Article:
Spondylosis in the cervical spine is likely to cause stiffness in the morning, or a limited range of motion when first getting out of bed. This morning stiffness is one way in which doctors may differentiate the condition from other problems, such as rheumatoid arthritis. The pain is often intermittent, with periods of acute pain, dull aching, and then relief. Radicular pain in the shoulders, arms, hands, and fingers can indicate a pinched nerve in the neck due to spondylosis. Corresponding weakness may also occur, and the muscles in the upper limbs may atrophy (waste) as a result of long-term nerve dysfunction leading to a visible disparity in grip strength and even appearance of the arms in some patients.
Those with cervical spondylosis may also find that they suffer from more headaches, particularly in the back of the head, loss of balance, and, in very rare cases, even difficulty swallowing due to spinal cord compression. These symptoms may be misdiagnosed as something other than spondylosis and patients are encouraged to keep a symptom diary in order to make sure that seemingly unrelated problems are not accidentally overlooked.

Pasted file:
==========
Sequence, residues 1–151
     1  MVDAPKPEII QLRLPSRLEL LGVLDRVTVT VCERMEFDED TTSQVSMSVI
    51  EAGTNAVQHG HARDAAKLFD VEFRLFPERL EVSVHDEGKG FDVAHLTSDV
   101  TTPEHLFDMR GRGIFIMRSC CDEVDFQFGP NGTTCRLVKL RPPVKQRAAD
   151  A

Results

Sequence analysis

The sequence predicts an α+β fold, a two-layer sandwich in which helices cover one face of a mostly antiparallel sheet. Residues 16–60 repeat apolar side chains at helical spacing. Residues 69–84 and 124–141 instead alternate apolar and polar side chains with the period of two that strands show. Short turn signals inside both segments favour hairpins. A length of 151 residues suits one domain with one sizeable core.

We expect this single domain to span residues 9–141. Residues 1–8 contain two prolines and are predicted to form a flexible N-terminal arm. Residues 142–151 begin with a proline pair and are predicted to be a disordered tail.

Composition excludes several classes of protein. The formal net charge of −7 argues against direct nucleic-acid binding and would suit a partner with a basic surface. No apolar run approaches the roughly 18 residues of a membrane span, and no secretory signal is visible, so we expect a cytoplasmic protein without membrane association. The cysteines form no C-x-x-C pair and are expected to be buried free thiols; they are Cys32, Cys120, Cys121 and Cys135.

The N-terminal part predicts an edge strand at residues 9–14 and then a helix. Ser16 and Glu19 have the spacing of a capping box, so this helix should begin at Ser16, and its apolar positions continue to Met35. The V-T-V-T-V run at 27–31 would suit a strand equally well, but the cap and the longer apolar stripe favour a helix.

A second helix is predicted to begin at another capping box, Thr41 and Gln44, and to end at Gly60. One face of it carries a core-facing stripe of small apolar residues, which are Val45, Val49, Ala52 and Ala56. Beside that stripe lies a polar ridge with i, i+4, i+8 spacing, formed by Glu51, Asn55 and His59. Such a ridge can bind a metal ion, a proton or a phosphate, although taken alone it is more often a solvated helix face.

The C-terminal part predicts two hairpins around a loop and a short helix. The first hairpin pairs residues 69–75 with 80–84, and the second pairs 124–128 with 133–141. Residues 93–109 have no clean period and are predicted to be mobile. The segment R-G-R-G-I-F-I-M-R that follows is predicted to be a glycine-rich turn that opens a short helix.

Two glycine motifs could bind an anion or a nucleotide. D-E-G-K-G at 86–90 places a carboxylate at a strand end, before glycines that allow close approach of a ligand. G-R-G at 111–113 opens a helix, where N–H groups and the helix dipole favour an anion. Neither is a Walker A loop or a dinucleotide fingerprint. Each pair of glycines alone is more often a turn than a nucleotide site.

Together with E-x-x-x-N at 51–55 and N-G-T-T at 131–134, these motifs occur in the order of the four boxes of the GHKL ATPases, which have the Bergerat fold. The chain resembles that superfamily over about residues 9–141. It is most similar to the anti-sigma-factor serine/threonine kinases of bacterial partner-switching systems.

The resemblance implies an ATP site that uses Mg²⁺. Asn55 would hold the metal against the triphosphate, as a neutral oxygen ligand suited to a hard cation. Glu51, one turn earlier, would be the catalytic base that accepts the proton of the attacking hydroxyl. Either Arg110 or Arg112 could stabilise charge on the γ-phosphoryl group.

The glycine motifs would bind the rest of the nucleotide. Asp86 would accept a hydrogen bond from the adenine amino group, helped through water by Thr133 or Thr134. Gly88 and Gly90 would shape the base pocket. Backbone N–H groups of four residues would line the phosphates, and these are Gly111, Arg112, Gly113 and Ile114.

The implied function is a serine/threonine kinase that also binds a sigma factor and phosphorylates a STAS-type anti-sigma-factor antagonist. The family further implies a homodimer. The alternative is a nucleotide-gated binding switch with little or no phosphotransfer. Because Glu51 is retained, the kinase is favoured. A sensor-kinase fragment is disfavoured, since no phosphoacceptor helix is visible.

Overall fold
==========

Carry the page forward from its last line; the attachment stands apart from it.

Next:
Thoracic Spondylosis Symptoms
Those with thoracic spondylosis will usually experience pain in the upper and/or mid-sections of the back and find that this pain is frequently exacerbated when bending or extending the body. As with cervical spondylosis, thoracic spondylosis is usually felt as stiffness in the morning upon first waking and getting out of bed. Lower back stiffness in the morning could be a sign of lumbar spondylosis, especially when accompanied by intermittent lower back pain and sciatica. The varying degrees of pain and discomfort felt by patients with sciatica are often relieved when bending forwards (in a bike-riding position) and can often be relieved using interspinous spacer devices in minimally invasive back surgery.
Lumbar Spondylosis Pain
Patients often find that lumbar spondylosis pain is worse when walking or sitting for long periods and that lying down can relieve the pain. Unfortunately, sciatica responds best to regular exercise, which many patients feel discouraged from doing because of their pain. Working with a physical therapist to devise an appropriate regime can help in this regard. Tenderness and numbness of the low back is also felt by many patients with lumbar spondylosis, and this can extend down the legs and into the feet. In extreme cases of severe spinal cord compression the patient may lose bowel and/or bladder control, and will usually require immediate back surgery to relieve the compression.
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